ordering the nest in the circuit in such a way that net n _{i} is closer in proximity to net n_{i+1} than net n_{i+2} ;determining the maximum number (E) of adjacent nets likely to be shorted; establishing the number p of vectors in accordance with the maximum number (E) of shorted nets; successively producing set of unique test vectors, each of the vectors in each set obtained by assigning each of its p bits a one or zero such that all of the vectors in the set have a potential weight less than those in the succeeding set and that the vectors in each set are diagonally independent, and concatenating the set of p vectors together until n vectors are obtained. Description This invention relates to a technique for generating a set of signals (test vectors) for input to a circuit to cause the circuit to generate a response signal indicative of the integrity of the interconnections therein. Each circuit on a printed wiring board is tested by applying a test signal to a first set of circuit nodes and then measuring the response at a second set of nodes, each connected to one of the first set along a circuit path. The circuit path between nodes typically includes a "net" which is defined as an equipotential surface (e.g., a metallized path on the board) which connects at least one signal transmitter ("driver") to at least one signal receiver ("receiver"). If the circuit is operating properly, i.e., the receivers and drivers are functioning properly and the nets are not shorted or open, then the response or signature of the circuit to the test signal should correspond to the test signal itself. On the other hand, if the circuit operation is faulty because two or more nets are shorted or one or more nets is open, then the circuit generates a signature which does not correspond to the test signal. Typically, each test signal applied to the first set of circuit nodes usually takes the form of a parallel test vector comprised of n bits (ones or zeros), where n is the number of nets. Each of the bits in the test vector is applied to a separate one of the nodes in unison or parallel with the other bits, hence the reason for using the term parallel to describe the test vector. The particular sequences of the bits in the parallel test vectors is selected to reveal the shorts and opens among the nets as well as any "stuck-at" faults at the receivers or drivers. A stuck-at fault is present if the driver or receiver always produces a one or zero at its output regardless of whether a one or zero is at its inputs. It is well known in the art that at least log (n) separate parallel test vectors are required to determine the integrity of the n nets. At least log (n+2) vectors are required if the stuck-at faults are to be detected as well. The reason for the additional two vectors is that detection of a stuck-at fault requires that both a zero and one must be applied (in sequence) to the net. A sequential test vector (as defined hereafter) which contains all zeroes or all ones will not satisfy this constraint. A simple set of parallel test vectors, which will test the integrity of a set of n nets as well as the stuck-at faults, is given by the following matrix where each parallel test vector comprises a separate matrix column. ##STR1## Each row of the above matrix of parallel test vectors corresponds to a sequence of bits applied to each net over time. For this reason, each matrix row is often referred to as a sequential test vector. As may be appreciated, the sequential test vectors of this set monotonically increase in value; hence, the above set of parallel test vectors id described as a "counting" sequence. The counting sequence of parallel test vectors, while compact in terms of the numbers of vectors it contains, does not afford good diagnostic capability. In other words, the response of the circuit following receipt of the parallel test vectors does not yield a good determination of which of the nets is open or shorted. In particular, the counting sequence of test vectors can give rise to two different types of incorrect responses, each defined as a "syndrome." The first type of syndrome, known as the "aliasing" syndrome, occurs when the response generated by a circuit having a faulty set of nets is the same as one having a fault-free set of nets, making it impossible to distinguish between them. The second type of syndrome is the "confounding" syndrome which occurs when the response of a circuit having only a single shorted net is the same as the response when several nets are shorted. These two syndromes are not mutually exclusive; both can occur. The aliasing and confounding syndromes can be avoided by use of the "walking one" sequence of test vectors shown in matrix form below. ##STR2## As with the test vector matrix which produces the counting sequence, each column in the test vector matrix which produces the walking one sequence represents a parallel test vector of n bits whereas each row represents a sequential test vector of n bits. The reason why the sequence obtained by the above matrix is described by the term "walking one" is that the "1" shifts or walks from left to right from the first to the nth sequential test vector. An important attribute of the walking one sequence of test vectors is its property of diagonal independence, i.e., the sequence of bits along the matrix diagonal is all ones. This property allows the walking one sequence to completely diagnose all faulty nets. The disadvantage of the walking one sequence is that n, rather than log (n+2) vectors are required, making this sequence very large. As a consequence, the amount f time required for testing is increased since a larger number of vectors must be input, in sequence, to the circuit. Thus, there is a need for a technique for generating a reasonably compact set of test vectors which provides good diagnostic capability. Briefly, the invention is directed to a technique for testing a circuit to verify the integrity of its n interconnections (nets) by sequentially applying each of a plurality of bits to each of the nets, and then detecting the response to each vector. Each of the sequential test vectors is generated by first selecting the number (p) of bits therein where log (n+2) ≦p≦n. The n nets are then ordered. Thereafter, a sequential test vector is established for each of the n ordered nets by setting each of the p bits to a one or zero so that the vector's weight (i.e., the number of ones) is no greater than the weight of the test vector assigned to the next ordered net. By generating each sequential test vector such that its weight is no greater than that of the sequential vector assigned to the next ordered net, the likelihood of aliasing is reduced because, when a short occurs, the weight of the resultant response vector will be greater than the weight of the individual test vectors. In other words, the response vector contains more ones than any of the test vectors assigned to a particular net. (It is assumed that the effect of the short is to logically "OR" the individual signals as the shorted nets. By complimenting the test vector matrix, the case for shorts which are logically "ANDED" can be addressed.). In accordance with another aspect of the invention, a matrix of test vectors which affords better diagnostic capability can be generated from a knowledge of how many adjacent nets are likely to be shorted together. To practice this technique, the nets int eh circuit are adjacency ordered such that the net n An advantage of this method is that for each of the E nets, complete diagnostic capabilities are assured by the diagonal independence of the vectors applied thereto. Yet, the size of the overall vector set (the value of p) is less than n, making it compact. FIG. 1 is a simplified view of a prior art circuit containing a plurality of nets to be tested; FIG. 2 is a block schematic diagram of a prior art test system. FIG. 1 is a block schematic diagram of a prior art circuit 10 which is carried on a circuit board 12 which may also carry other circuits (not shown). The circuit 10 is comprised of a plurality of signal-supplying elements ("drivers") 14, one or more of which are coupled in parallel by a separate one of a set of nets 16 to one or more of a set of signal-receiving elements ("receivers") 18. The nets 16, which are n in number (where n=4 in FIG. 1) each take the form of metallic path on the board 12, or a wire which is equipotential thereacross. In a preferred embodiment, the drivers 14 and the receivers 18 each take the form of a buffer. The proper operation of the circuit 10 requires that each of the drivers 14 and the receivers 18 be functioning properly and that none of the nets 16 be open or shorted to each other. Referring now to FIG. 2, there is shown a prior art test system 20. The test system 20 comprises a test and diagnostic processor 22 which is coupled to memory 24 which stores a plurality of test signals, typically in the for of vectors which are input from the memory to the circuit 10. Upon receipt of each test signal, the circuit 10 produces a response signal which is indicative of the circuit operation. The response signals are stored in a memory 26. The test vectors are each comprised of n bits (either a one or zero) which are applied in parallel to a first set of n nodes, each coupled (either directly, or through a receiver 14) to one end of a separate one of the nets 16. Since the bits of each test vector are applied in parallel, it is useful to describe the vectors as "parallel" vectors. When each parallel test vector is applied, the response signal appears at each of a second set of nodes, each coupled to the other end of a separate one of the nets 16. Like each test vector, each response signal comprises a vector of at least n bits which are each a one or zero. When the driver 14 and the receivers are operating correctly, and the nets 16 are fault-free (no shorts or opens), each bit in the response vector substantially mirrors or corresponds to a corresponding bit of the parallel test vector. On the other hand, if one of the n nets 16 is faulty, then the response signal will not correspond to the associated test vector. The quality of the test depends on the n umber (p) of unique (different) parallel test vectors that are applied to the first set of nodes. It is known that log (n+2) unique parallel vectors will generally suffice to detect all faults. However, using a set of log (n+2) vectors, such as the set which yields the well-known counting sequence described at the outset of the specification, generally does not afford good diagnostic capability. In other words, this type of sequence does not afford the ability to differentiate between those responses (syndromes) which represent a faulty condition and one which is fault-free, nor the ability to detect whether one or ore of the nets 16 is shorted. By employing n separate test vectors arranged in the walking one sequence described at the outset of the specification, a complete diagnosis can be had. As compared to the counting sequence, which requires log (n+2) parallel test vectors, the walking one sequence is much less compact (i.e., more parallel test vectors are required). In many instances, constraints are placed on the time required to test the circuit 10, often making it difficult to sequentially transmit n unique parallel test vectors. Thus, the process of constructing the test vectors applied to test the circuit 10 requires a trade-off between testing speed versus fault ambiguity (i.e., the ability to detect which nets are indeed faulty). In accordance with the invention, a set of unique parallel test vectors, which is both compact and which provides lower fault ambiguity, can be obtained by generating n unique sequential test vectors which have a minimum weight (i.e., a minimum number of "one" bits. When referring to a set (matrix) of parallel test vectors, each row of the matrix represents a separate sequential test vector, i.e., the sequence of bits applied to a corresponding net 16 over time. The number of sequential test vectors (i.e., the number of matrix rows) is generally fixed at n, the number of nets 16. On the other hand, the size (number of bits) of each sequential test vector is generally a variable, and will be represented by the letter p. The number (p) of parallel test vectors (i.e., the number of bits in each sequential test vector) depends on the desired level of fault ambiguity. By providing a greater number of parallel test vectors, the fault ambiguity becomes smaller, at the cost of increasing the length of the test. The instant technique does not fix the length of the sequential test vectors (i.e., the number p of parallel test vectors). Rather, the technique serves to improve diagnostic ability of the set of p parallel test vectors regardless of the value of p. Thus, the number p of parallel test vectors can be arbitrarily chosen, provided that log +2) ≦p≦n. Once the desired number p of parallel test vectors is chosen, then the next step is to order the nets 16, i.e., assign a numerical value of identity to each one. For discussion purposes the nets 16 will be ordered 16 Actual generation of the independent sequential test vectors can be accomplished as follows: (1) first, generate a sequential test vector of a minimum weight (initially equal to one); (2) generate another sequential test vector of a minimum weight which is independent of (e.g., unique from) the previously generated vector(s); (3) repeat step (2) until all unique sequential test vectors of the minimum weight are obtained; (4) increase the minimum weight by 1; (5) repeat the steps of (1)-(4) until n sequential test vectors are obtained. Generation of the first initial test vector of the minimum weight of one is easily done by setting the first bit of an n bit vector to one while the rest of the bits are set at zero. Generating each of the next p-1 independent sequential vectors can be done by "walking a one" across the vectors. Walking a one across the vectors is accomplished by setting the next lower order bit (going from left to right) of each succeeding vector to a one with the other bits set to a zero. To obtain the next set of unique sequential test vectors of the next higher weight, the highest order bit is held at a one and then a one is walked across the vectors. Thereafter, the next highest order bit is held at a one (the highest order bit now zero) and a one is again walked across the vectors. Each successively lower order bit is held at a one (the preceding bits being zero) and a one is walked across the vectors until all unique vectors at that weight are generated. The next set of unique vectors, if they need to be generated, is produced in the same say except that the first and second highest order bits are held at a one, and then a one is walked across the vectors. Then the next two highest order bits are held at a zero in exactly the same way as before. For each set of vectors of the next higher weight, the number of the higher order bits held at a one is successively increased by 1. A sample set of sequential test vectors produced by the technique is reproduced below.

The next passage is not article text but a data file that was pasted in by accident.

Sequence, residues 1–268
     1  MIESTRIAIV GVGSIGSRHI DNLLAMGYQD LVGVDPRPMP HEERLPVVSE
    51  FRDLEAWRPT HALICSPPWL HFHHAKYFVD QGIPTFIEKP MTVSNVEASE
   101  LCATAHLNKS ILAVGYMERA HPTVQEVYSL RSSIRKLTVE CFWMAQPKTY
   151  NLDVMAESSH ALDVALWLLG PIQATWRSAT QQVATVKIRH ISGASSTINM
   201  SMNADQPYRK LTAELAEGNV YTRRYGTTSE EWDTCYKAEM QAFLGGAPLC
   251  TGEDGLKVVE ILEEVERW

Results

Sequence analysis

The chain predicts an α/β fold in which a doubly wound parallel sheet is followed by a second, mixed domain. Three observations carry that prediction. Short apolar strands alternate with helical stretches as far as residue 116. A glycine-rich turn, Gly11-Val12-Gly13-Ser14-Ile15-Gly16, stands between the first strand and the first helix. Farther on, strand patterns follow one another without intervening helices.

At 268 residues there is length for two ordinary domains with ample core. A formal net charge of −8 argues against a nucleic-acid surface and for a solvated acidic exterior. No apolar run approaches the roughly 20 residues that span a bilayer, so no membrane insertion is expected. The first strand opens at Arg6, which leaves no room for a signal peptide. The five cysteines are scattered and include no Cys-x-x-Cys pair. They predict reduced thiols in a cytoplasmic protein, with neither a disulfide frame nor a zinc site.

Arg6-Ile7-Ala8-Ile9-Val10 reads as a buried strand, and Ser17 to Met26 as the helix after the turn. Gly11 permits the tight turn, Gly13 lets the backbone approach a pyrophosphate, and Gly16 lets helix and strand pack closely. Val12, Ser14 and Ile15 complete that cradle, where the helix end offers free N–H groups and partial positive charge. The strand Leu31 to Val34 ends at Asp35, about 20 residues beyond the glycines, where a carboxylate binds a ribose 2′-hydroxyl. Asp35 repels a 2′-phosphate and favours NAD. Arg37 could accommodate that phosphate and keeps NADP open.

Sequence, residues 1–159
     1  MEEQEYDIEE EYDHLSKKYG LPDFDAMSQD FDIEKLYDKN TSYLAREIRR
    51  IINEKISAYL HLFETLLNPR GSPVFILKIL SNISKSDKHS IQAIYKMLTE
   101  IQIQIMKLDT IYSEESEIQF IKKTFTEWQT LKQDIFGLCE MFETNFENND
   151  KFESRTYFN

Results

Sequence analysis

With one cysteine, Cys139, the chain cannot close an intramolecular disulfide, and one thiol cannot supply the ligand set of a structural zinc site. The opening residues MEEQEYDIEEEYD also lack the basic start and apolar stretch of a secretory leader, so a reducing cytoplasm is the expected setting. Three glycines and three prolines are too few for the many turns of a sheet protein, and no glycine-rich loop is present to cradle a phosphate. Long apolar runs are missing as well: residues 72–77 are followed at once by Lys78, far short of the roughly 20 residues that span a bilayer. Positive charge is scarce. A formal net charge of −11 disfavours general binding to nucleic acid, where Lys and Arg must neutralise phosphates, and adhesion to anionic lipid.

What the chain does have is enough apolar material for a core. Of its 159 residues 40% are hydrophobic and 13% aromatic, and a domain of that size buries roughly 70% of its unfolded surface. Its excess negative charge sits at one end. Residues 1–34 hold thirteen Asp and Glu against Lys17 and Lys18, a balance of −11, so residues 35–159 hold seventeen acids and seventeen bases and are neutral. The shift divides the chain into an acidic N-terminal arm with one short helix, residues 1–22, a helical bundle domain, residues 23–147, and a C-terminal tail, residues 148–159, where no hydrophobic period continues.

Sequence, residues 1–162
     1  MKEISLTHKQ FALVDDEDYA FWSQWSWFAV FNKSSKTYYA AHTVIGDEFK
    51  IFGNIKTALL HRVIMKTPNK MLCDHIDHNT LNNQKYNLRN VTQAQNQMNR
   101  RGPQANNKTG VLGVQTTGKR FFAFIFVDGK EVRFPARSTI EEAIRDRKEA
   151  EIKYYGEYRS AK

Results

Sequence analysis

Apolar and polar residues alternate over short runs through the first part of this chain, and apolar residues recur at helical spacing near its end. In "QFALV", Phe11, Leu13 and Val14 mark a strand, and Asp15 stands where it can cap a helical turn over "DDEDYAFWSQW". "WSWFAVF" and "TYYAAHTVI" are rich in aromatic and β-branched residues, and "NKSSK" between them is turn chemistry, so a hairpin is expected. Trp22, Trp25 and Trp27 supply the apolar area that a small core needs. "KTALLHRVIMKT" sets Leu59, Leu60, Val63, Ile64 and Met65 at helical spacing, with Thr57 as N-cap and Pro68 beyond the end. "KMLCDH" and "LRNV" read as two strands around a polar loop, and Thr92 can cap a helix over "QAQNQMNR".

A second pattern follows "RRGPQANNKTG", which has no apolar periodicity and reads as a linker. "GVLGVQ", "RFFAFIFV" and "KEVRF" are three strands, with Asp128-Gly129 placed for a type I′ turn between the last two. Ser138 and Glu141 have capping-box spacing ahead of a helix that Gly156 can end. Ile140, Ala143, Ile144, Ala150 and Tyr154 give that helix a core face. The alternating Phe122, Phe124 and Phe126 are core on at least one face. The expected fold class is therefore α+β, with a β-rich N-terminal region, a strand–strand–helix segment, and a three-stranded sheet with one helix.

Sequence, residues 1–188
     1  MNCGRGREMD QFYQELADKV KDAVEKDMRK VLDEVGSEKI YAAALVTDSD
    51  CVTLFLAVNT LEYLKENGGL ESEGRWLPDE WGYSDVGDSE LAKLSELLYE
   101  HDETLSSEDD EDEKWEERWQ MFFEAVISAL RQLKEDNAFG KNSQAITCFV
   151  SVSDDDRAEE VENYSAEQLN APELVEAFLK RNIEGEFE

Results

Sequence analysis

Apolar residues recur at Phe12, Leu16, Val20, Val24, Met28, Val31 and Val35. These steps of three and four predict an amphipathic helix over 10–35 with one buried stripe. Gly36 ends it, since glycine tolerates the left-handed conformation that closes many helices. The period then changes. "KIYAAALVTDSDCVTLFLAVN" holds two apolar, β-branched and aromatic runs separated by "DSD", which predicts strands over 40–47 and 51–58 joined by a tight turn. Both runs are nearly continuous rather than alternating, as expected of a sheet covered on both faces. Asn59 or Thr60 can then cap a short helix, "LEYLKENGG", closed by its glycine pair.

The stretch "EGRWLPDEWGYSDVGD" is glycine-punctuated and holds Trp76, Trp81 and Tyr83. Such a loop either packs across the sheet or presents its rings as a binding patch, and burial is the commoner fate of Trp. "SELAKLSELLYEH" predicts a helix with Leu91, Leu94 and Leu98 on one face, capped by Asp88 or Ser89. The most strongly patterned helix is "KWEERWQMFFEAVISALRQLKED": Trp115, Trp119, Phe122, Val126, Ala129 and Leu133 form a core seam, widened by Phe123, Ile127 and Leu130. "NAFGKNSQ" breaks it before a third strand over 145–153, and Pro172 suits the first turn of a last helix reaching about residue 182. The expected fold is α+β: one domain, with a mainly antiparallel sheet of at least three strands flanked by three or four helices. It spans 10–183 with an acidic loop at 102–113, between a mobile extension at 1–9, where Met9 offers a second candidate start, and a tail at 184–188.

TABLE 1______________________________________Nets p-Bit STVs Weights______________________________________16 The vectors in the above table are less likely to give rise to an aliasing than the counting sequence of vectors because the weight of the response vector which is produced when a given pair of the nets 16 In accordance with another aspect of the invention, a set of parallel test vectors can be produced having even further reduced diagnostic ambiguity when the maximum size or number of adjacent nets 16 which can be shorted is known. As may be appreciated, the most common way of two or more nets 16 of the circuit 10 on the board 12 are shorted is when a blob of solder (not shown) falls on them. Generally such blobs are not very large (on the other of a few centimeters at best) and only a small fraction of the nets 16 of the circuit 10 on the board 12 is spaced a distance apart smaller than the diameter of the solder blob. Thus, the maximum number (E) of the shorted nets 16 is usually only a small percentage of the total number of nets n. In order to obtain such a set of parallel test vectors, it is first necessary to "adjacency-order" the nets 16. The nets 16 are said to be adjacency ordered when the net 16 Once the nets have been adjacency ordered, the next step is to establish the minimum number of p vectors in the set, given that the maximum number of shorted nets 16 is E. The value of p can be established from the following relationship: ##EQU3## After p has been established, then sets of unique sequential test vectors, having successively increasing potential weight, are generated and thereafter concatenated to yield the desired set of vectors. To understand how this is done, the term "potential weight" must be defined. The potential weight w of a vector is equal to j-i+1 where i and j are the lowest and highest order one bits if the vector's weight (number of ones) is greater than zero; otherwise w is zero. As an example, each of the vectors (0,1,1,1,0) and (0,1,0,1,0) have a potential weight of 3. To obtain the set of n sequential test vectors, the following method is employed: (1) establish the minimum potential weight (initially set to 1); (2) starting with the first net (16 (3) concatenate the vectors just produced with those previously produced; (4) increase the minimum potential w weight by 1; (5) repeat steps (1)-(4) until n vectors have been produced. For each successive set of vectors of potential weight w after the first set, there will be 2 The vectors in each of the sets are generated as follows: The vectors in the first set are obtained by setting the highest order bit of the first vector to a "one" and then walking a one across the vectors until all the of p vectors of the set are obtained. The vectors of the next set are obtained by setting the first and second highest order bits equal to one and then walking not just a single one, but the block of ones across the vectors until 2 The table listed below contains a set of sequential test vectors produced by the above-described steps, for the condition p=4 and n=12.
TABLE 2______________________________________Adjacency STVs PotentialOrdered Nets (p bits) Weights______________________________________16 Any consecutive E vectors in the matrix have the property of diagonal independence. Diagonal independence is defined such that a diagonally independent matrix A of size M×N(N≧M) enjoys the property that through some row and/or column interchange A
1≦i≦M
1≦j≦N
xε{0,1} Test vectors are diagonally independent will always produce responses (syndromes) which are never aliasing or confounding. Non-Patent Citations